INDIA – September 8th was International Literacy Day. With so many days set aside to draw attention to causes, we rarely take a look back to recognize what we have done to meet the needs of the cause beyond memorializing the day.
Illiteracy is a significant issue in South Asia and other areas of the developing world. If, as the saying goes, “in the world of the blind, the one-eyed man is king,” it is just as true that in the land of the illiterate, he who can read will have the power over those who cannot.
Several years ago, the Business Standard reported that “Illiteracy is the biggest menace (in South Asia), impeding development . . . for South Asia, which inhabits more illiterate population than anywhere else.” That article was written in 2013. The goal of the South Asia education ministers was to end illiteracy from the entire region by 2017.
“We pledge to achieve total literacy by 2017. TEACH Mission is a holistic campaign which focuses not just on teaching alphabets and numbers but also on teacher support, e-learning, adult literacy, etc.”
Nonetheless, UNICEF has reported that over 75% of the 781 million illiterate adults in the world live in South Asia, West Asia, and Sub-Saharan Africa. Almost two-thirds of those people are women.
Literacy is an important outreach of many NGOs, including GFA and our field partners. We are engaged in teaching women and children to read and write so they do not remain trapped in poverty simply because they cannot read or write. Literacy will change their worlds.
Although we teach with tens of thousands daily across South Asia, GFA and our field partners made special efforts to promote literacy on International Literacy Day 2018 just as they do every year across South Asia.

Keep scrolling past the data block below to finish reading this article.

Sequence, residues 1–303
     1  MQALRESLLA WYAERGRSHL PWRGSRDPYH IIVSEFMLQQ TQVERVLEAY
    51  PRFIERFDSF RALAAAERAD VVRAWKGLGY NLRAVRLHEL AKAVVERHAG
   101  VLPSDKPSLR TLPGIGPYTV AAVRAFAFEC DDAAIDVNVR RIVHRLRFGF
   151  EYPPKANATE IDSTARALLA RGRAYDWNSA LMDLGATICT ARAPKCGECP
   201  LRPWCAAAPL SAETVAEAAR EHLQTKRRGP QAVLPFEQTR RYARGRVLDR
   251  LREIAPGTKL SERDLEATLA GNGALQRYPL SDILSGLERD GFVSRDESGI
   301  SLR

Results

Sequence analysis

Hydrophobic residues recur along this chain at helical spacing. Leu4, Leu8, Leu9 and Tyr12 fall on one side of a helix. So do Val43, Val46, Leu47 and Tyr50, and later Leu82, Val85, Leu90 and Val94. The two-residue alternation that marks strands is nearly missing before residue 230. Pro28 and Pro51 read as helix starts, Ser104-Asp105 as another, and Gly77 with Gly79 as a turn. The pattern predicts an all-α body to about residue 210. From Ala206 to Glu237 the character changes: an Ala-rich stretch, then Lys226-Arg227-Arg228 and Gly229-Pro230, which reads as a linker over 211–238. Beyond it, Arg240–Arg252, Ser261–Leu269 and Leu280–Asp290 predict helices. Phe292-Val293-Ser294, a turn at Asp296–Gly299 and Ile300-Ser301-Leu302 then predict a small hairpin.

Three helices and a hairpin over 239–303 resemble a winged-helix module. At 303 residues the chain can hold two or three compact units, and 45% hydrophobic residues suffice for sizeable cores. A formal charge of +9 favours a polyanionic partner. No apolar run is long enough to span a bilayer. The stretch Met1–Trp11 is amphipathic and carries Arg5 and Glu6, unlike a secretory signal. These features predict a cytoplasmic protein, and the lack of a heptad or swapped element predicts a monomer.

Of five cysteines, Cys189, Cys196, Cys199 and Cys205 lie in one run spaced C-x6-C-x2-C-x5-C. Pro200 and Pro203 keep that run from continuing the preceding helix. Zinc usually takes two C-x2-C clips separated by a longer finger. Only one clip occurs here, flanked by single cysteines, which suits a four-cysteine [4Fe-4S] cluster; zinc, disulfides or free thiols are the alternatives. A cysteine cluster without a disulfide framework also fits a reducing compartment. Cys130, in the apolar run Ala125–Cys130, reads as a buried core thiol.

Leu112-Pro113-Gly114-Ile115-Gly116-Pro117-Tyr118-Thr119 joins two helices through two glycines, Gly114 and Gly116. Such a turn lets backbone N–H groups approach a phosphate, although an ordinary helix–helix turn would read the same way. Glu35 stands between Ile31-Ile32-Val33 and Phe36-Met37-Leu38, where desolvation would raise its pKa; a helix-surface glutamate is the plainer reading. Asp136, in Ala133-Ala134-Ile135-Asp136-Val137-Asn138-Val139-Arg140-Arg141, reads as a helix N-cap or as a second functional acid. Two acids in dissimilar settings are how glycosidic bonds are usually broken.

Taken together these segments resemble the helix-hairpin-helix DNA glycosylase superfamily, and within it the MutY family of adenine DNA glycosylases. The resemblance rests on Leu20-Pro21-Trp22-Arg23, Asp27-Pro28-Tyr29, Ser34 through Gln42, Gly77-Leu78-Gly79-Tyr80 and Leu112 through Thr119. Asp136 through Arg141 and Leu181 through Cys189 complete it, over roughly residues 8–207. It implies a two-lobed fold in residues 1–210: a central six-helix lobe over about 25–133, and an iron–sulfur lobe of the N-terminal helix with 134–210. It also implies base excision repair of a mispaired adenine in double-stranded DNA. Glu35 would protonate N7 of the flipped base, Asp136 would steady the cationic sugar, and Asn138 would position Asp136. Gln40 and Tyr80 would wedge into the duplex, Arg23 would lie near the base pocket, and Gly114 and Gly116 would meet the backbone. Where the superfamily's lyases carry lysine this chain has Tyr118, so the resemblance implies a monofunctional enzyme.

This year, hundreds of new adult literacy centers were opened, including 66 in the Lucknow region alone. These centers will offer free literacy education to marginalized women including widows who live in slums and hard-to-reach villages where no education facilities exist for them.
Other partners distributed literacy books and study aids, such as notebooks and slates to the women who enrolled in the literacy centers and to children from economically stressed families living in slum areas.
The objective is to help these disadvantaged people gain a substantial advantage by learning to read and write. These elementary skills can pave the road for them and their children to escape the clutches of poverty through education that makes a difference.
Several years ago, important officials recognized our efforts to increase literacy as “the best for this country and . . . is the best model for . . . religions, social trusts, organizations, and even the government, for social work and the upliftment of the poor.”
The needs of the illiterate cannot be addressed with handouts. Raising awareness of their need and providing teaching solutions is the only way. This is especially important for nations like India which need more and more literate people to fill the expanding workforce of a nation that is on its way to becoming THE economic powerhouse in the world.
- Business Standard, Illiteracy biggest issue for South Asia
- UNICEF, Adult Literacy
- Wikipedia, List of countries by literacy rate
- BEC, Diocese of Lucknow Inaugurates 66 Adult Literacy Centers On International Literacy Day
- Gospel for Asia, Photo of the Day